Thursday, January 22, 2015

5 Novels Scarier Than Most Horror Movies

As I type this a molar is fighting my gums, and trying to get out of the burial of my jaw. Why are wisdom teeth extractions cosmetic? It hurts, but what hurts more is the fact that “Covered California” should’ve helped me get this taken care of, but instead, nope, they have frozen me out of getting coverage. That’s ok, I’m here with another illuminating post about scary stuff. Here are 5 novels that are scarier than most horror movies, but then again, I’ve read the Bible so that ranks top in my view. What? You don’t like non-fiction? What? It’s fiction too? Allegory maybe, but that’s not for debate here, what is for debate is whether or not these novels are scarier than hell or rather just another sad sack list of horror movies or rather books to ignore.

Terror by Dan Simmons

It was negative 8 degrees in Moscow, Idaho. I mention that because that was during the winter before my divorce in which I read this book. This is a dense historical fiction, and it is one of the toughest books to read when you’re freezing to death. I was so cold my bones hurt, and I didn’t find enough warm clothing to help, which made for a great deal of ambience amidst the 1845 Franklin Expedition that this book talks about. Going to the Arctic Circle 2 ships get stuck, and what they find is that it isn’t just space where no one can hear you scream, it’s here on earth, in the coldest of weather. Great horror fiction and historical fiction done right, but again, this is a dense book full of description up front. If you can pass the slow parts, you are going to get hit with a horrific story that will definitely pair well in cold weather.

The Haunting of Hill House by Shirley Jackson

For some reason I was thinking of Wanda Jackson, but this is not the same person or the same genre at all. The Haunting of Hill House runs up a grand story of, well, a haunted hose. Better than the movie adaptations, this is a creepy book that peels away your skin slowly. It ramps up the horror in a very nuanced manner, and you are not going to get all the answers as something bad happens at every turn of the page. Jackson’s novel still bears more horror than the latest in cinema, that’s for sure.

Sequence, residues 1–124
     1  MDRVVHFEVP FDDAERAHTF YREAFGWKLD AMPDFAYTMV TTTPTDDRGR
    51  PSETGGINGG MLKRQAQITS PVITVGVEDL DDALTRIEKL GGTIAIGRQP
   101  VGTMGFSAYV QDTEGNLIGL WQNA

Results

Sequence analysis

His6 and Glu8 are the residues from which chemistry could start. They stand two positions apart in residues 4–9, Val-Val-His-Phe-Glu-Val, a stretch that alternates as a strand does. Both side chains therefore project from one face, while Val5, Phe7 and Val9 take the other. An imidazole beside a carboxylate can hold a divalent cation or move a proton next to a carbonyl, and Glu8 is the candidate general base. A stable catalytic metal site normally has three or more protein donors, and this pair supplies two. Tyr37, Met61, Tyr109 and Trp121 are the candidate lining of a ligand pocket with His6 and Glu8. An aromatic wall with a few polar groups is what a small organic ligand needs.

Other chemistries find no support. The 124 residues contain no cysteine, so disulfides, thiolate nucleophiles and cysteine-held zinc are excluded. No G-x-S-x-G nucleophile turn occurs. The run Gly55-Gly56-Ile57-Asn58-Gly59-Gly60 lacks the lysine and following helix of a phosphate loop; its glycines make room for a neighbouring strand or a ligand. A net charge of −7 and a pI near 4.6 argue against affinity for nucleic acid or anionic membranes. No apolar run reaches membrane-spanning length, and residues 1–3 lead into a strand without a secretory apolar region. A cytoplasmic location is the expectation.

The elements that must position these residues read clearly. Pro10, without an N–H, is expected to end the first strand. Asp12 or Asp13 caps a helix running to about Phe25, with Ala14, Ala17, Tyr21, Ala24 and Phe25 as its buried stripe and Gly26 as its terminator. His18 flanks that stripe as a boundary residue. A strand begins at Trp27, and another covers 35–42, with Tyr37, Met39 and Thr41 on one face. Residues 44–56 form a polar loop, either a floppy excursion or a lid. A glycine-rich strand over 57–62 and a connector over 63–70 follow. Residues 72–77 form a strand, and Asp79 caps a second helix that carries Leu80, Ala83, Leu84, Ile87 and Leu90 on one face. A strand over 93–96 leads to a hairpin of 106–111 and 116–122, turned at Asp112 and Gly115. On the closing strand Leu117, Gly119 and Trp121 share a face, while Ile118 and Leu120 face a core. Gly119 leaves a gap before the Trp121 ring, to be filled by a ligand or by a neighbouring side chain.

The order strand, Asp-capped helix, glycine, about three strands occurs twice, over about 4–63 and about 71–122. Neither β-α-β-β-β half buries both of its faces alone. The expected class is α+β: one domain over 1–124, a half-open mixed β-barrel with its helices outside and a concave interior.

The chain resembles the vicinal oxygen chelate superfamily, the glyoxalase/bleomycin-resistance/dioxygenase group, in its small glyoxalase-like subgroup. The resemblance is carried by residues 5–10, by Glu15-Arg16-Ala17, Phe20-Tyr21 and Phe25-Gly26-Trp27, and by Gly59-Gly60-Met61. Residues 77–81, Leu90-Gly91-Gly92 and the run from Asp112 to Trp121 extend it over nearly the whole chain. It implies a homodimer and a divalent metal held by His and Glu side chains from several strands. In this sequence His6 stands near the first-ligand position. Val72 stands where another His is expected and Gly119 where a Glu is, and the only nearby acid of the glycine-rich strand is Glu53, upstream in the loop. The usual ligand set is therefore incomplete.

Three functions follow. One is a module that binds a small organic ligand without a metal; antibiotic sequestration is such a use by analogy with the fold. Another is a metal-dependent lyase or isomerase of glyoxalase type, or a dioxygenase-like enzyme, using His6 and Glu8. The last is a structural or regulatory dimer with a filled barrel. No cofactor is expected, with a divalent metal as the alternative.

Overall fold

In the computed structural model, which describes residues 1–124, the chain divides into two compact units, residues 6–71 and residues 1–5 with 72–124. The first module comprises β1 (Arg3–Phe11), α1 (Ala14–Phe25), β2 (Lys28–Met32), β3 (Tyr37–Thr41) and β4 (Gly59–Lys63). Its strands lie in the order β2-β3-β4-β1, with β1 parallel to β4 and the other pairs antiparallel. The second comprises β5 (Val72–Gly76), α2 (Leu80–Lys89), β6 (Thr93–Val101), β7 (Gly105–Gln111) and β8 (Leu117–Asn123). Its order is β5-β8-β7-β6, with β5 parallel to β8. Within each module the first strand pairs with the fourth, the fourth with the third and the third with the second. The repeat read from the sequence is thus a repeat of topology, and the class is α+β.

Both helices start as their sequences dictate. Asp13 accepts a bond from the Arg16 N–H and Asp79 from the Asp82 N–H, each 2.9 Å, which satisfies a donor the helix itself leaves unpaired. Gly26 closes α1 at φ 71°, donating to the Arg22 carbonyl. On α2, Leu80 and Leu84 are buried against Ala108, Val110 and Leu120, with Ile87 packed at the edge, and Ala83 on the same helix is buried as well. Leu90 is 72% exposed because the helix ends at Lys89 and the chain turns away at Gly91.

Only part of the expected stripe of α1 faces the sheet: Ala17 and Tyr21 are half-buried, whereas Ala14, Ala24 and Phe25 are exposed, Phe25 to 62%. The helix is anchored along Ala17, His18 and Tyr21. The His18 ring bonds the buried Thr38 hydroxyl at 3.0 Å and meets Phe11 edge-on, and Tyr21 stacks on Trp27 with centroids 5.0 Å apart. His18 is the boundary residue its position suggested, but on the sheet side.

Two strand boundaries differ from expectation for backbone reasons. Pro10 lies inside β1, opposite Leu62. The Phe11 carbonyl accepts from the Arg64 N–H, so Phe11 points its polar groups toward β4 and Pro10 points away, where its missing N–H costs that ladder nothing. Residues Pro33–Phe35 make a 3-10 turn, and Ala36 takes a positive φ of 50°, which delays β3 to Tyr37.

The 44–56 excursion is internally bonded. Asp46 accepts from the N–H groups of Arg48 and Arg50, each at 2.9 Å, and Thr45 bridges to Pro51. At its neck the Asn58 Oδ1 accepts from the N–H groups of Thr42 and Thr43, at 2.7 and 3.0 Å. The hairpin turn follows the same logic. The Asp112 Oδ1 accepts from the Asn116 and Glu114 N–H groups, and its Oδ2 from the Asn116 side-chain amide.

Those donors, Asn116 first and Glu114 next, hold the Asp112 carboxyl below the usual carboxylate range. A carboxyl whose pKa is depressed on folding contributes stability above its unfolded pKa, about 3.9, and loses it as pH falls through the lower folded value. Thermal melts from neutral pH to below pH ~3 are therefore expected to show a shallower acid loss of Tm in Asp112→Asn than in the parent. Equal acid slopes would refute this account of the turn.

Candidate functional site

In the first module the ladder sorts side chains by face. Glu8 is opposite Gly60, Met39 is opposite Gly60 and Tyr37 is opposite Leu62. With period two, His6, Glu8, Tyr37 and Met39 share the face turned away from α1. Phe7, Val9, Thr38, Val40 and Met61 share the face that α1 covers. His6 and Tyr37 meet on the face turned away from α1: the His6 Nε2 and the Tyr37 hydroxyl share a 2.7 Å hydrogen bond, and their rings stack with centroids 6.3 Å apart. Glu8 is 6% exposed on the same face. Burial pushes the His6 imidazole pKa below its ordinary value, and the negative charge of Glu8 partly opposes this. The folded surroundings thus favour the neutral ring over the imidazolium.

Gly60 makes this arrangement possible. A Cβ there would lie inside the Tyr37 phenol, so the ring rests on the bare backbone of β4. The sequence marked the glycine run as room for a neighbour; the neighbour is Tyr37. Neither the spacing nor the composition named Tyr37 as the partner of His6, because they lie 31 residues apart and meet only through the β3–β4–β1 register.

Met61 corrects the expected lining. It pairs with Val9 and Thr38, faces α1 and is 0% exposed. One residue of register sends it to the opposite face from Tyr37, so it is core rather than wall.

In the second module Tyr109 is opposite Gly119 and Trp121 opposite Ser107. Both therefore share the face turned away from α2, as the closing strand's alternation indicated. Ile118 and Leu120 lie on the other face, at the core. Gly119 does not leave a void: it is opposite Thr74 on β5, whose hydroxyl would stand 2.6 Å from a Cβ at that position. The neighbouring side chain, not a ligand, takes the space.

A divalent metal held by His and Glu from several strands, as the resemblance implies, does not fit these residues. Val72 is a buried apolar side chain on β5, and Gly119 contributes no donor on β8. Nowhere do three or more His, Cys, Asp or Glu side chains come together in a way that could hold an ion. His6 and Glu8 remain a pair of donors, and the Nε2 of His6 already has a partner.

The Exorcist by William Peter Blatty

To this day, a modern tale of horror has enough gusto to pull your guts out. Forget what you’ve seen in the movies, this novel still gets a lot of people scared. If you’re a religious person, then there are going to be pages that you are going to absolutely be afraid of, but as you progress through this somewhat detective horror story, you are going to definitely enjoy yourself. It’s stronger than the original film, and your imagination can work wonders to scare you during the day and the night.

John Dies At The End by David Wong

David Wong has found a way to make absurd horror stories, and yet still pull you into the 1980s splatterpunk genre. Wong’s book was translated into a pretty cool movie, but as you turn the page, it’s incredibly different and dare I say harder hitting than the movie. There’s just so much going on here, as if R.L. Stine’s Goosebumps series grew up and married Barker’s nightmare landscapes. Wong has a way of shoving you into a seriously comedic romp, while still tugging at the gore levels and horror elements that made movies like “Nightmare on Elm Street” famous. This may have a mixed bag, but at the core of the book and Wong’s second book, horror reigns.

The Shining by Stephen King

Sure, Stephen King may think of himself as the “Big Mac and Fries” of literature, but this is not afternoon picnic. “The Shining” translates well to supernatural horror, madness, and isolation. It speaks volumes through prose that the movie failed to capture. At the same time, it creates enduring characterizations, fights demons, and aspires to be the greatest horror novel ever written, and does so by throwing Bram Stoker and Mary Shelley into a closet and setting them on fire. Not a vampire tale, not a monster lurking, but rather the human mind, spirituality, and a cold snap that will break your fingers as you turn the page. The “King” of horror definitely pulled your eyelids off when this book was released and it still gets praised for it.

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1 comment:

  1. I want to poke my willy up Linda Blair's bum (as the bird was in 1977 when the bird was 18, not as the bird is now obviously).

    ReplyDelete

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